“The circular economy is not the panacea that many were hoping for”
In a new study published in the Journal of Industrial Ecology, researchers say the circular economy risks becoming counterproductive, unless we stop seeing it as a panacea for all kinds of environmental problems.
As a circular economy has become a well-known and recognized model among businesses, regions, cities and NGOs around the world – from China and Latin America to the EU and the United States – this what is less discussed is that the model has received a lot of criticism. both practitioners and researchers.
Academics from Lancaster University Management School, Lund University and the Royal Institute of Technology in Sweden compile the following critiques in the new study:
The concept of circular economy is so diffuse and sprawling that it is not possible to measure its impact. This includes everything from recycling systems and rental, replacing products with services, developing applications for the sharing economy, and more.
Proponents of a circular economy tend to ignore the large amount of materials and products that people have already accumulated. The concept boils down to a question of choosing between linear and circular products and ignores the physical laws on the physical limitations of materials and the complexity of waste; even if these issues are crucial for a circular economy to become a reality.
Some companies only develop circular activities for part of their operations. This may be due to the difficulty of scaling up pilot projects; often it is only a small part of the operation that is characterized by a circular economy, while the main activities continue as usual.
Contrary to what advocates say, knowledge about how a circular economy will affect resource use and growth is limited. This makes it difficult to measure the environmental impact, especially in the long term and at wider geographic scales. Some argue that a circular economy only delays, rather than eliminates, the negative environmental impact of the linear economy.
Although supporters of a circular economy claim to contribute to a socially sustainable future for all, the concept tends to boil down to a debate about the consumption of resources. There is no connection with how the concept would lead to greater social equality.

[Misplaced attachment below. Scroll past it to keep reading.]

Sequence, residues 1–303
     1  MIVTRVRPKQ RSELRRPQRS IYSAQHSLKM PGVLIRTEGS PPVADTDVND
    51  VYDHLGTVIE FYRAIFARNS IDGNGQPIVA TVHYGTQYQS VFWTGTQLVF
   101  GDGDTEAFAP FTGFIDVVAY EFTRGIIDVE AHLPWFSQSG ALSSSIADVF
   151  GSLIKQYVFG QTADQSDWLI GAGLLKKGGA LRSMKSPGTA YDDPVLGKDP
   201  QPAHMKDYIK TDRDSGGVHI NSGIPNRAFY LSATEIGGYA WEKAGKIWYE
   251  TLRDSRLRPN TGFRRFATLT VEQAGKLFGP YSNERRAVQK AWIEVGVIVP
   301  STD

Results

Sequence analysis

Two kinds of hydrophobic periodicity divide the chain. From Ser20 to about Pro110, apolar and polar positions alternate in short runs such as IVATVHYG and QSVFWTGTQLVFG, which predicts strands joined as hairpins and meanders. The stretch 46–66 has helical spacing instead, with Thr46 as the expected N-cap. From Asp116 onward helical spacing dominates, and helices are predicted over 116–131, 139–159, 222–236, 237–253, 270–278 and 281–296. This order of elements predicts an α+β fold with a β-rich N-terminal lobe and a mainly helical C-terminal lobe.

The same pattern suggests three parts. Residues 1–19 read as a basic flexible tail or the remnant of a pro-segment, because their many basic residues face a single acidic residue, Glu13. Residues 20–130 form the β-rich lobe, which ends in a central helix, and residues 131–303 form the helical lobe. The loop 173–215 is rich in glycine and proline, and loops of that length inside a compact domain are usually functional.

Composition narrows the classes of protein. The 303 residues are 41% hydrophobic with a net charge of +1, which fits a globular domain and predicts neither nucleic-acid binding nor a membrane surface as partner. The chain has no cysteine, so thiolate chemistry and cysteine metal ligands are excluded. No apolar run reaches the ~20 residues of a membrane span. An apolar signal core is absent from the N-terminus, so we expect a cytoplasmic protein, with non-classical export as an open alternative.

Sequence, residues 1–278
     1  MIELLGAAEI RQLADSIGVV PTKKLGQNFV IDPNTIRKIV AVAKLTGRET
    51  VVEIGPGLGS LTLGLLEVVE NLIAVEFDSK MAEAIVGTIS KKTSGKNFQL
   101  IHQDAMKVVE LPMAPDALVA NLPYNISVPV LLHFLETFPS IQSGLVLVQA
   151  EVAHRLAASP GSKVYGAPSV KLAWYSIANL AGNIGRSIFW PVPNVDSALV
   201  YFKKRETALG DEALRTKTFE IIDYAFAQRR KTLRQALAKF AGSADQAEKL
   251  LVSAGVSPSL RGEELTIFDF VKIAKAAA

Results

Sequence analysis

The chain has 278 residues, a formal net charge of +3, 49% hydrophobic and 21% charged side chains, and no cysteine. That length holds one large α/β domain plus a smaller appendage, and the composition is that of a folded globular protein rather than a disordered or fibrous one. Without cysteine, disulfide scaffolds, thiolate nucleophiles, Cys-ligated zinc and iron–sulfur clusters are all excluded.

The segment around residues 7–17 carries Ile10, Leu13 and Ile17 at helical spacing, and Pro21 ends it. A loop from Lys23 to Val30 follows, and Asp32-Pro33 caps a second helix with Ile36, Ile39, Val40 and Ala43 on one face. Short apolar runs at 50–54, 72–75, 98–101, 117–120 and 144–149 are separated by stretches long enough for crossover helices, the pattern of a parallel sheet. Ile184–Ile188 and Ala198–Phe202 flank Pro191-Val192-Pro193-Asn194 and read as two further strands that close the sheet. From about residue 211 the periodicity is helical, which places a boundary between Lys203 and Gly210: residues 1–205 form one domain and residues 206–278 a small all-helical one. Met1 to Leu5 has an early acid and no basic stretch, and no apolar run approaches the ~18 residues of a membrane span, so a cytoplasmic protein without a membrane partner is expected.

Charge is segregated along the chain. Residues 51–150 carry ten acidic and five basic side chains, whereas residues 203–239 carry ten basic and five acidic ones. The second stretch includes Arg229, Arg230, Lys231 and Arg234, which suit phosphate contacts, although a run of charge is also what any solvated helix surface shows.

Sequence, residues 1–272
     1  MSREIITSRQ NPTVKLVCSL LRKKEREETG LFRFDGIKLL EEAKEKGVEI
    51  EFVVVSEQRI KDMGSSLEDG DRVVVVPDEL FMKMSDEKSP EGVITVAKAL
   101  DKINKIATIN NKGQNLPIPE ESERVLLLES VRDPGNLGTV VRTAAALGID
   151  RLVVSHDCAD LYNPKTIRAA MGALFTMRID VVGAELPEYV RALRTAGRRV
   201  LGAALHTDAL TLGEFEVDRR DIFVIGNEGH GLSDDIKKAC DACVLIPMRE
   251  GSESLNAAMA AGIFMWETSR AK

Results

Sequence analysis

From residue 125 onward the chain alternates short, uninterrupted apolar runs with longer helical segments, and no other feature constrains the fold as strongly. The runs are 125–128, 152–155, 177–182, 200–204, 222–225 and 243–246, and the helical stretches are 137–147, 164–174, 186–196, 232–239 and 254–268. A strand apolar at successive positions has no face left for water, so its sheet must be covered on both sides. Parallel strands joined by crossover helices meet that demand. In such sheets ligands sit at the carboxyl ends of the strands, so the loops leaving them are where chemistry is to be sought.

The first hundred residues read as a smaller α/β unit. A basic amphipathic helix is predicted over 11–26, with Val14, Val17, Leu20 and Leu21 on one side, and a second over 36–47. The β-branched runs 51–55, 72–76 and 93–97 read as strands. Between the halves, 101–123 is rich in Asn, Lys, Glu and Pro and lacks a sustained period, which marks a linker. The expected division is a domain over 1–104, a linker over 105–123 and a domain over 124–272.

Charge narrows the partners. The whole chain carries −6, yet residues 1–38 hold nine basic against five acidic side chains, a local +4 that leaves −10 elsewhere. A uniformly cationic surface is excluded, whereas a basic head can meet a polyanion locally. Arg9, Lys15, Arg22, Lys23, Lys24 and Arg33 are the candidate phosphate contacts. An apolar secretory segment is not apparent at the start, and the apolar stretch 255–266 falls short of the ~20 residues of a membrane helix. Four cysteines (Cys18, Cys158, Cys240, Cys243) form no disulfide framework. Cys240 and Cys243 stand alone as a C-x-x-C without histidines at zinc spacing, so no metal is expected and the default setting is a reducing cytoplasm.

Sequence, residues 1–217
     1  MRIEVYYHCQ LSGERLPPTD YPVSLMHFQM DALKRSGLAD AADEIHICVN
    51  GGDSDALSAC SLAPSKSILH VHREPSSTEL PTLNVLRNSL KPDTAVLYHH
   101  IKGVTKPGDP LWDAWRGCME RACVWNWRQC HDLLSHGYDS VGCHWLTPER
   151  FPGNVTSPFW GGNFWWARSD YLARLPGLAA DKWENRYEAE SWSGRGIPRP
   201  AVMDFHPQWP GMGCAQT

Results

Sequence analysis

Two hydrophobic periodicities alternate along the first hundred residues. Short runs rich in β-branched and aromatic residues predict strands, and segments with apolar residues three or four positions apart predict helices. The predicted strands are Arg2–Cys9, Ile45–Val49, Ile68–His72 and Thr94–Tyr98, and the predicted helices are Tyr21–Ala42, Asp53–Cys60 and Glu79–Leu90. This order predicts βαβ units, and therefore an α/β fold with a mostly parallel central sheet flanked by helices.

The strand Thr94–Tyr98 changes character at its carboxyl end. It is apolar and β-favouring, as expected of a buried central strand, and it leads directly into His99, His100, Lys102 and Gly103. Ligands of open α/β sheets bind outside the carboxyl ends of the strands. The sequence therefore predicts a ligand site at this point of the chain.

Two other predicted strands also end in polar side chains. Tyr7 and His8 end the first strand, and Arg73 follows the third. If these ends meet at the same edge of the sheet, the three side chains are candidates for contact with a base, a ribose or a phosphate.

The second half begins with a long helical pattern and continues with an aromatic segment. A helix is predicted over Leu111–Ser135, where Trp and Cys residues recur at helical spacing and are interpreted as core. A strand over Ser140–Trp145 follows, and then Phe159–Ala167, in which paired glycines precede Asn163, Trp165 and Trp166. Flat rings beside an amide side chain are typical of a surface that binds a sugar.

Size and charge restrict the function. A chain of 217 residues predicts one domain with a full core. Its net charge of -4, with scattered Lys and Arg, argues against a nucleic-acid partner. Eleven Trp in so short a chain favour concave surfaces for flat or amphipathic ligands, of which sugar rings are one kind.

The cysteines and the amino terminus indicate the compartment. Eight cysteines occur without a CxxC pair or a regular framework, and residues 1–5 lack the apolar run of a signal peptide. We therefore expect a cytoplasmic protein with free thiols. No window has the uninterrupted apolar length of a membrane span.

Some critics argue that the circular economy depoliticizes industrial and environmental policies while strengthening market and corporate power. It’s a tantalizing concept that promises everyone will benefit from its implementation. It allows discussions about synergies, win-win and possibilities rather than trade-offs, problems and limitations.
“In conclusion, the criticism of the circular economy does not call into question the concept of circularity”, specifies Hervé Corvellec, lead author of the study.
“It’s more about how the supposed benefits are based on inconsistencies, an incomplete picture, hidden assumptions, unclear schedules and consequences. These are the questions we must ask ourselves: how do we know that a circular solution is good for the environment? Who benefits and who does not? Will it phase out the linear economy – extract, produce, consume, throw away?
“Clarity is required regarding precisely what type of circularity it applies and what the conflicting goals are. “
Within the article, the team of researchers proposes a more modest circular economy, which is not presented as a panacea but as a real solution to concrete problems.
Co-author Dr Alison Stowell, Lancaster University Management School, said: “We recognize that the circular economy agenda has had a significant impact, and this study aims to highlight areas in need of improvement. attention to research, policy and management to foster further progress.
“We hope this will help develop a more modest path to circularity that is concrete, transparent and inclusive. “